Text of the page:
…my uterus, I mean.
Yep. My girly bits are getting the old heave-ho.
And, to be honest, I’m not going into this as gung-ho as I thought I would be.
I’m 42. I have four kids, the youngest of whom is 14. It’s not like losing my uterus means I can no longer have children, because my tubes were tied, cut, burned, and braided into a belt long ago. So, it’s not like I’m grieving the lost opportunity to have children, because that’s not the issue.
So, for all intents and purposes, I don’t need my uterus, no matter how cute it might be. Not for further childbearing, anyway. But still, there’s something nagging at me, like a feeling of loss.
About a year ago, I started experiencing pelvic pain. And there seemed to be no rhyme nor reason to the pain, which has been debilitating and overwhelming my life. After biopsies and tests and ultrasounds and MRIs and a hysteroscopy (which was a real treat), there was still no answer — and no relief.
I was given two “options” by two different doctors: either start taking Lupron, which would put my body in a false menopause (no thank you), which may or may not resolve the issue, or a hysterectomy. I was not too keen on the idea of taking Lupron, which is actually a medication used to treat advanced prostate cancer, for the purpose of reducing estrogen production.
When I got my third opinion (yes, third), the doctor thought that the hysterectomy was the way to go. Which brings us to the present. About 36 hours away from the snip and snatch. The goal — which I consider optimistic, given what a medical anomaly I tend to be — is that only my uterus will be removed and it will be done vaginally with likely laparoscopic assistance. That’s considered a “partial hysterectomy,” like so…
So this means that I’ll be in the hospital for at least one night…and will be recovering at home for at least a few weeks. Of course, I just read on Medline that “it will take at least 3 to 6 weeks to feel better.” What? The doctor said I’d be back to normal (whatever the hell normal is) in two weeks!
Of course, sometimes a hysterectomy turns into an abdominal hysterectomy, which entails a 5- to 7-inch scar in your abdomen so that your uterus (and possibly other parts of your reproductive system) can be removed. Hopefully that won’t happen.
I shouldn’t be freaking out, right? Hysterectomies are the second most common surgical procedure performed in the United States. One in 3 women have a hysterectomy by age 60. And more than half of all hysterectomies are performed on women between 35 and 49. I’m in the majority here. That’s a good thing!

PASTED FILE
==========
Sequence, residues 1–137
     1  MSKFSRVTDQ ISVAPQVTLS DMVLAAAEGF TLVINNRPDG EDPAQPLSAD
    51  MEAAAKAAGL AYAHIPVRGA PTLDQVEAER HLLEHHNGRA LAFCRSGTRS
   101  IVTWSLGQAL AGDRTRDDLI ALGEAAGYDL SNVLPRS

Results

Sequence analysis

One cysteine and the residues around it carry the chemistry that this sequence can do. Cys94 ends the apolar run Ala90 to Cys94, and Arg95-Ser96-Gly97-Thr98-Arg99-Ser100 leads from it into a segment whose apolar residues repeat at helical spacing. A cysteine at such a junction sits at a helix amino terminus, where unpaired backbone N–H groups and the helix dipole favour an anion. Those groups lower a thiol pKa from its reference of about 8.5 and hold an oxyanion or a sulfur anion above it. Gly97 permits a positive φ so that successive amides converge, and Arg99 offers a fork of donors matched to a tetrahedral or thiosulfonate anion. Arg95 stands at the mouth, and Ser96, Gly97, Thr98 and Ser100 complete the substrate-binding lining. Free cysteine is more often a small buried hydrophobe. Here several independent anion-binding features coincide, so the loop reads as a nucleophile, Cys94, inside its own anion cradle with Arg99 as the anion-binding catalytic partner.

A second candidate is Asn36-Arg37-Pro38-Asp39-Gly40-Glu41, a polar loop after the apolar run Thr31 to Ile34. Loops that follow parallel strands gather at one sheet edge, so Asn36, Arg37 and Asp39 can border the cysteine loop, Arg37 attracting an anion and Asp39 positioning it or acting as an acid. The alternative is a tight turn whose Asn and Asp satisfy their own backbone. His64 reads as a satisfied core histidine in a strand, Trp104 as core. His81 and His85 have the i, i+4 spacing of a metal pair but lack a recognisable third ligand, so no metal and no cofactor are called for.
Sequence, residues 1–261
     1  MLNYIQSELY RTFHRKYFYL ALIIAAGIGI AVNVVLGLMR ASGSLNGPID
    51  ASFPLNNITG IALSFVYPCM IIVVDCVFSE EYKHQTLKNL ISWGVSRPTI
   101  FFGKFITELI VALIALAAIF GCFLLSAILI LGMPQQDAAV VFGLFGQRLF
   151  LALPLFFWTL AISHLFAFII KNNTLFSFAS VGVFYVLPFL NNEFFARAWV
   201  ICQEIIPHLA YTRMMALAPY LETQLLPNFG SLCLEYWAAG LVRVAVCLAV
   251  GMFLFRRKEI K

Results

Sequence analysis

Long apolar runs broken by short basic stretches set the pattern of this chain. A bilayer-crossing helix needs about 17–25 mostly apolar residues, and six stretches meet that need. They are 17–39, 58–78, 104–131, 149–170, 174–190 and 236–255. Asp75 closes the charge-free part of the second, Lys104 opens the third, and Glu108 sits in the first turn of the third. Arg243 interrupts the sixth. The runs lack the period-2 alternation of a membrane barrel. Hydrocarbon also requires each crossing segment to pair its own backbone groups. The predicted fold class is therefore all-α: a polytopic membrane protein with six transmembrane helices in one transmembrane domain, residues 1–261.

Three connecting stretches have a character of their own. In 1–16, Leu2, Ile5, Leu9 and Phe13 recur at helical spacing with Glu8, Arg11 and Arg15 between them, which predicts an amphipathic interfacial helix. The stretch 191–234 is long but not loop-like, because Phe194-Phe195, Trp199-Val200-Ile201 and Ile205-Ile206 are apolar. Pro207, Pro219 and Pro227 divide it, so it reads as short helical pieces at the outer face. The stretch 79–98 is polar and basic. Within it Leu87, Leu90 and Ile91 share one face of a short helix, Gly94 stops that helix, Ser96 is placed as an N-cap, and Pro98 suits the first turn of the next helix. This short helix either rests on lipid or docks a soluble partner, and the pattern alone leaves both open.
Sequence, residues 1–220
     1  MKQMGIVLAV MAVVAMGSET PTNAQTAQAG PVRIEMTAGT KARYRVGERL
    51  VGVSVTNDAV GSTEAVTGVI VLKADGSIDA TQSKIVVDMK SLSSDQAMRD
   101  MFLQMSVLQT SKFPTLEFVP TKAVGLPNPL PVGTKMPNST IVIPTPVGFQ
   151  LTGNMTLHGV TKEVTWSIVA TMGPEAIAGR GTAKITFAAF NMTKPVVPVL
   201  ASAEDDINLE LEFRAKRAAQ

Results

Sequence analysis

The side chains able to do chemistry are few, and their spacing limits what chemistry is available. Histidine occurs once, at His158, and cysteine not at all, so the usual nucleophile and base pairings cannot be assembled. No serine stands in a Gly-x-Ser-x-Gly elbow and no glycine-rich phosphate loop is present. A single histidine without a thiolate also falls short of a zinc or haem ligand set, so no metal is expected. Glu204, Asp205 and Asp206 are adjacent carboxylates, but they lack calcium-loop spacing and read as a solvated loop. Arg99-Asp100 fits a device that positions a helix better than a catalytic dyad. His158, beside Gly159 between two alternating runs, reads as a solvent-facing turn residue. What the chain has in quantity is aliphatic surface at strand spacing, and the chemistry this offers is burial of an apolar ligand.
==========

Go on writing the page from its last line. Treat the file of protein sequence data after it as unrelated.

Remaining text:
So why don’t I feel so good?
Well, according to one source, up to 75% of hysterectomies wind up being performed as abdominal hysterectomies. Oh. My. God. Believe it or not, a number of sources claim that this is the most common form of hysterectomy because it costs less and requires less surgical skill. Sweet fancy Moses. I’ve never had a C-section, so I don’t know what this entails. Nor do I want to. There are also risks, like any surgery…blood clots, internal bleeding, infection, damage to other organs (like the bladder and bowel), and death. Death.
Death. Approximately 1 in 1,000 women die following a hysterectomy.
OK, stop hyperventilating. I’m not gonna die. I’m only having a hysterectomy. The doctor is only removing that little, itty bitty organ — and when you look at it in relation to the rest of my body, it doesn’t seem like much of a big deal. Plus, everybody keeps telling me that it’s not a big deal.
Except, it feels like a big deal. My doctor was very encouraging, pointing out all the benefits of this procedure — how I’d never get my period again (admittedly, that’s a perk) and that I’d never need a Pap smear again (which means he’s taking my cervix as well). Pap smears don’t really bother me, but not being able to get cervical cancer is a nice plus.
These perks don’t do much in the way of making me feel good about this whole experience. Of course, there’s the pain and the recovery period, neither of which will be a walk in the park. Hell, I don’t even walk in the park on a good day already, so you can understand why I’m a tad on the Nervous Nelly side.
And yet, there’s something else that keeps nagging at me. I keep coming back to that sense of loss, of not just a body part, naturally, but of a part of me.